The red zone is not the end zone
Posted: Thursday January 27, 2000 08:04 PM
Don't know a first down from a touchdown? We'll help you become an expert before Sunday's game. Send your questions to Football 101, and check back each day for answers.
Define the "red zone."
-- John Piatt, St. Louis, Mo.
The red zone is the area between the defense's 20-yard line and the end zone. When an offensive team reaches the red zone, it is expected to score.
The ball carrier is almost to the goal line, but right before he crosses the goal line, the defender knocks the ball out of his hand into the end zone, and out of bounds. Whose ball is it and where do they spot it?
-- Roger Williams, Nashville, Tenn.
The defensive team gets the ball at its own 20. That's called a touchback.
Why does the line of scrimmage not move back to where the quarterback was when he threw an incomplete pass? It seems that he is getting a break by not losing yardage.
-- Serr, Gila Bend, Ariz.M
He shouldn't lose yardage if he is not tackled (or downed) behind the line of scrimmage. When an attempted pass falls incomplete, the ball returns to the spot where the last player with possession of the ball was downed.
What is a "Flea-Flicker"? What is the "Fumble-rooskie"?
-- Norm Johnson, Toledo, Ohio
Both plays fall under the category of trick or "gadget" plays. The "Flea Flicker" is designed to look like a running play. The quarterback will hand off or lateral to a running back. The running back will start upfield, drawing the defense to him. Before he crosses the line of scrimmage, he will stop and lateral back to the quarterback. The idea is to pull the run-conscious secondary up, leaving wide receivers alone down field. The quarterback will then throw the ball downfield to an open wide receiver. The most famous "Flea-Flicker" in Super Bowl history occurred in Super Bowl III, when the Baltimore Colts almost ran it to perfection against the New York Jets. The only problem was that Colts quarterback Earl Morrell threw short into double-coverage instead of long to wide-open receiver Jimmy Orr. Today, every team runs the play. It's almost a once-a-game occurrence.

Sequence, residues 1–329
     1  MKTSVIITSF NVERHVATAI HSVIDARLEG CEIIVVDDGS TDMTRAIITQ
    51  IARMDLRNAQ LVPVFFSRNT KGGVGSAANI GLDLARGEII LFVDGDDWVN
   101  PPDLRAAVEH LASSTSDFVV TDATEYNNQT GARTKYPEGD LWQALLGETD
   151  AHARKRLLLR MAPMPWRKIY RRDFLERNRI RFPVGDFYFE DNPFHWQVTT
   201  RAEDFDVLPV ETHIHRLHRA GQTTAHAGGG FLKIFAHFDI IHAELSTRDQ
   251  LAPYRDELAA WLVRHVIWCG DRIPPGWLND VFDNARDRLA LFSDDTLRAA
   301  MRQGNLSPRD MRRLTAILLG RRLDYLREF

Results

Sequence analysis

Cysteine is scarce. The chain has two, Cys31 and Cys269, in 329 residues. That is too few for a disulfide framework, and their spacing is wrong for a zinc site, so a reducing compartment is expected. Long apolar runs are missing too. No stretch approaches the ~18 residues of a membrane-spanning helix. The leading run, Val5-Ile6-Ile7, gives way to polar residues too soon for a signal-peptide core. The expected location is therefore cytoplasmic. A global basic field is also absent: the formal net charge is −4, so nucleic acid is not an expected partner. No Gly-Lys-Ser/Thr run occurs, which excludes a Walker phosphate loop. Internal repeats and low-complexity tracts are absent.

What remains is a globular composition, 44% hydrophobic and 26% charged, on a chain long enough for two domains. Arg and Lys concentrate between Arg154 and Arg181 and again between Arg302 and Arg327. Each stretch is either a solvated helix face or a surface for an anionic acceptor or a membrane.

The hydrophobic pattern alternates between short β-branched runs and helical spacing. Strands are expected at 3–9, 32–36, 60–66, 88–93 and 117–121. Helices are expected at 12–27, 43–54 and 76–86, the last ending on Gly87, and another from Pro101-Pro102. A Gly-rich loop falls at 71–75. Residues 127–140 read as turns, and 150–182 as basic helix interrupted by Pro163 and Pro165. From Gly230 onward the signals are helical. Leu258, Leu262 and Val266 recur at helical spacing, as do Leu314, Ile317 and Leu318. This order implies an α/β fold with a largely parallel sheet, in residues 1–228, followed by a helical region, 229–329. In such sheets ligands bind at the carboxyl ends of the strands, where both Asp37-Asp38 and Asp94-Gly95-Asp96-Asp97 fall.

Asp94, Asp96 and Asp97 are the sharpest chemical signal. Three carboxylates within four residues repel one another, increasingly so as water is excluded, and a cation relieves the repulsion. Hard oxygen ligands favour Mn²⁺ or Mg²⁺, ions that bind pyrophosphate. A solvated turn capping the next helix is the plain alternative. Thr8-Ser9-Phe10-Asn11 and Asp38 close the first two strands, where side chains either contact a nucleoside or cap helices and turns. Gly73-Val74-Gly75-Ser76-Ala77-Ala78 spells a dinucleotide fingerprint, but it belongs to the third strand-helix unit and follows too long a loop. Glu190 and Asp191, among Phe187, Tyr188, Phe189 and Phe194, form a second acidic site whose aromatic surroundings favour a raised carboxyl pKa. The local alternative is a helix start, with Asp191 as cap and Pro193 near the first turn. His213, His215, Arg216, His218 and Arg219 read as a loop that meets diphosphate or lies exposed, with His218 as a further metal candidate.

The "Fumble-rooskie" is a lot less common. It is basically a draw play for the center or the most athletic offensive lineman. The play starts off like a normal play. But when the quarterback yells "hike," instead of handing the ball off to the quarterback, the center puts the ball into the quarterback's hands (to make the snap legal), then pulls it back and puts it on the ground (or the quarterback may quickly put the ball on the ground himself). While the ball-handling specialists -- the quarterback, running backs and receivers -- run around as if they're making a play and the offensive linemen engage their defensive counterparts, the ball is picked up by an offensive lineman, who runs untouched the other way. The key to the play is for the entire team to sell the fake and continue to run a dummy play. This play, which is no longer legal, worked better in college than in the pros -- Tom Osborne's Nebraska team ran the play the best.
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